Founded during the First Industrial Revolution, Schneider is eager to lead the global push to put sustainability at the heart of what the Word Economic Forum recently dubbed the Fourth Industrial Revolution.
The United Nations 17 Sustainable Development Goals (SDGs) have unified the world in creating a shared vision for people and planet, both now and into the future. This call to action brings governments and businesses together to tackle pressing global issues.
Nairobi, Kenya, March 15, 2019 /3BL Media/ – Almost 4 years after the adoption of the Paris Agreement, President of France Emmanuel Macron is organizing on March 14th in Nairobi (Kenya) the first regional edition of the One Planet Summit, co-chaired with Uhuru Muigai Kenyatta, the President of the Republic of Kenya.
At Schneider Electric, we understand that we must work together today to co-create a more sustainable world. We believe in making a low-carbon economy a reality now, both for businesses, and the world’s most vulnerable populations alike. One in seven people still lacks electricity, and most of them live in rural areas of the developing world.1 We look to the United Nation’s Sustainable Development Goals for inspiration to do our part in ensuring access to affordable, reliable, sustainable, and modern energy access for all.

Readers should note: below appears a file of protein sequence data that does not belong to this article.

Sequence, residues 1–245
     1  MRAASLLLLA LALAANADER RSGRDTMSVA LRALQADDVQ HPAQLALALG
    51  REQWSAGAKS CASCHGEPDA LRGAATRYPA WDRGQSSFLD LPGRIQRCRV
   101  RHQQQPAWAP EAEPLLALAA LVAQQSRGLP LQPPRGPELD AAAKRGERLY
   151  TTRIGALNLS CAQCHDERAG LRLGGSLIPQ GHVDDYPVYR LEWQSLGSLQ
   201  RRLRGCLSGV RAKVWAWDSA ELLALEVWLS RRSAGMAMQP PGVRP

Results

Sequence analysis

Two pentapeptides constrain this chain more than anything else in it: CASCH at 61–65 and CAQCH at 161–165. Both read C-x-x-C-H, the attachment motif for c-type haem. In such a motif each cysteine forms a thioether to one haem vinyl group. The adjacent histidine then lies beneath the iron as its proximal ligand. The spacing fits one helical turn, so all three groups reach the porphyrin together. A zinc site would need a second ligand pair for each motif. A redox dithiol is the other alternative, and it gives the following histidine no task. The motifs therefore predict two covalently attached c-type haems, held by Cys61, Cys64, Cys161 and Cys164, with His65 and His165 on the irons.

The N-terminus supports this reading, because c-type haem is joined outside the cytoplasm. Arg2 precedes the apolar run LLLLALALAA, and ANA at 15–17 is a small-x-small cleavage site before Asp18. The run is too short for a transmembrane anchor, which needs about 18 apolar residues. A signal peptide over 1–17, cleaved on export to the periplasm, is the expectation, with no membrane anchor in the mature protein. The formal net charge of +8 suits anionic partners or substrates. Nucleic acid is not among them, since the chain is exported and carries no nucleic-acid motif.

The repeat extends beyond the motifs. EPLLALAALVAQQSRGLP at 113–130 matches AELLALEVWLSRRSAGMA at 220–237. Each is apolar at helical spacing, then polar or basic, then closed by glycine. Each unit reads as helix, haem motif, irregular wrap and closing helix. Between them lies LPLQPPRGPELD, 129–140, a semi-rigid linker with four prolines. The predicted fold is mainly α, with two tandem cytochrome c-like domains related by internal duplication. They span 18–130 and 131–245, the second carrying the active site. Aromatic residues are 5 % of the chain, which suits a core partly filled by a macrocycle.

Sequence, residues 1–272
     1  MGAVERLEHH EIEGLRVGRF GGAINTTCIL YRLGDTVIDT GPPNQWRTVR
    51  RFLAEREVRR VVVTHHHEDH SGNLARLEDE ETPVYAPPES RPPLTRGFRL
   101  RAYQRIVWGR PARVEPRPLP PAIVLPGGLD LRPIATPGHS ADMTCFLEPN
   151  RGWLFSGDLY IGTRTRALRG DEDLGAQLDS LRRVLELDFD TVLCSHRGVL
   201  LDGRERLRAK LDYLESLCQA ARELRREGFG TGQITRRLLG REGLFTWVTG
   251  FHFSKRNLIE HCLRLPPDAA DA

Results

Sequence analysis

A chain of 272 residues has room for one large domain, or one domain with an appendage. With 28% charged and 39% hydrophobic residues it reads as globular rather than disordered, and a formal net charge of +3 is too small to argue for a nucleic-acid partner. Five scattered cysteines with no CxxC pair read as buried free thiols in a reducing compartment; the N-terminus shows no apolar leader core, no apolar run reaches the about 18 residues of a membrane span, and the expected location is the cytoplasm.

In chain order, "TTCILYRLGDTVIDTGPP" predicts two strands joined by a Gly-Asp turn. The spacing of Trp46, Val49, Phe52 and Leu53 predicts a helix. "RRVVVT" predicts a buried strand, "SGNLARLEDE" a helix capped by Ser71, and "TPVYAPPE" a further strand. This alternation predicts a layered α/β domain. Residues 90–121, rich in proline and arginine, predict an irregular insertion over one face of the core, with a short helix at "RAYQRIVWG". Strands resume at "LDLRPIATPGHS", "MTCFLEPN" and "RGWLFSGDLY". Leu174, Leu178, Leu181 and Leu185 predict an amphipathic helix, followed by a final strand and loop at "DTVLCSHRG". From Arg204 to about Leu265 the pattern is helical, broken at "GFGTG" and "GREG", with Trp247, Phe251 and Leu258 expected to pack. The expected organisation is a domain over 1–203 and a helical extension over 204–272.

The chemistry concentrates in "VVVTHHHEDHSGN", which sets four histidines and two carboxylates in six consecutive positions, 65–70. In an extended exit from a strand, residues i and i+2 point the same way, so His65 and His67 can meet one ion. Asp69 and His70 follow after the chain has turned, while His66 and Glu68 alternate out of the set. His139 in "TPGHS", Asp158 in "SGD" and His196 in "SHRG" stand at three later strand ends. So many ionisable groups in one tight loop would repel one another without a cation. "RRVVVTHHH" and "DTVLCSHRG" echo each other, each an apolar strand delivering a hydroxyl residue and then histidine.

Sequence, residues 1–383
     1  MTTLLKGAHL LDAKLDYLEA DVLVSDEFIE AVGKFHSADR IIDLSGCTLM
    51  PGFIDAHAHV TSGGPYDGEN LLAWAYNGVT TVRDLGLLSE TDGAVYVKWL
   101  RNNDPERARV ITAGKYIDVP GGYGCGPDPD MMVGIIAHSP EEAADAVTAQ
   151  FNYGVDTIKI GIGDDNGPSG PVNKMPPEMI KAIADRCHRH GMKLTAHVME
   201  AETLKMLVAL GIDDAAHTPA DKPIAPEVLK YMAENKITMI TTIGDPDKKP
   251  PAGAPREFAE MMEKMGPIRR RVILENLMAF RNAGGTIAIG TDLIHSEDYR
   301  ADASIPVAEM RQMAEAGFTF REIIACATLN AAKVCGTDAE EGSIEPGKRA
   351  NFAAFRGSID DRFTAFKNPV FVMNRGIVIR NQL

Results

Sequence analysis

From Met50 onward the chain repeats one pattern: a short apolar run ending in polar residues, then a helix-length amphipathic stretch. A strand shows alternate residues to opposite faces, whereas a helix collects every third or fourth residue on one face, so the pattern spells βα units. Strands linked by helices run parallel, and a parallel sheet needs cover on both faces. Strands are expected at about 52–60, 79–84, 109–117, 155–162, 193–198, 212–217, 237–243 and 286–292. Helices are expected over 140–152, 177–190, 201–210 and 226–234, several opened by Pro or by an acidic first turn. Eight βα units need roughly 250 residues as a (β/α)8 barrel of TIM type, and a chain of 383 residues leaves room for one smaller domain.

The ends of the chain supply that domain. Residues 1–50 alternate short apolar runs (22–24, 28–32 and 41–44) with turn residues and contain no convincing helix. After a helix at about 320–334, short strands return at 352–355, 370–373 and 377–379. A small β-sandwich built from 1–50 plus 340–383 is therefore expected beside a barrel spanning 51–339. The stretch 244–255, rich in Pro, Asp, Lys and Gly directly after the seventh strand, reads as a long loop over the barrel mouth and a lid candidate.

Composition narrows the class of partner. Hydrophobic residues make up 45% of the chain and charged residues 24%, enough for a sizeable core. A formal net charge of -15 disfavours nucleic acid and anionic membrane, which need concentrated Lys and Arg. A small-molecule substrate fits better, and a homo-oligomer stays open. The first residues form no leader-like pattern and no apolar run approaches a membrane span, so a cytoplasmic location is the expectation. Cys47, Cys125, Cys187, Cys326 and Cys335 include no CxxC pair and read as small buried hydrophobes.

by Gilles Vermot Desroches, SVP Sustainability & BOP
The United Nations has established Sustainable Development Goal 7 (SDG 7) as a key initiative for ensuring access to affordable, reliable, and sustainable energy for all by 2030. Today, one in seven people on the planet still have no access to energy, with most of these families living in the rural areas of sub-Saharan Africa, Latin America and Southeast Asia. The International Energy Agency (IEA) estimates that by 2030, 674 million people will still lack access to energy.
The United Nations Sustainable Development Goal (SDG) 7 calls for universalaccess to affordable, reliable and modern energy services by the year 2030. 1.1 billion people worldwide still have no access to electricity. That’s nearly equivalent to the U.S and European population combined.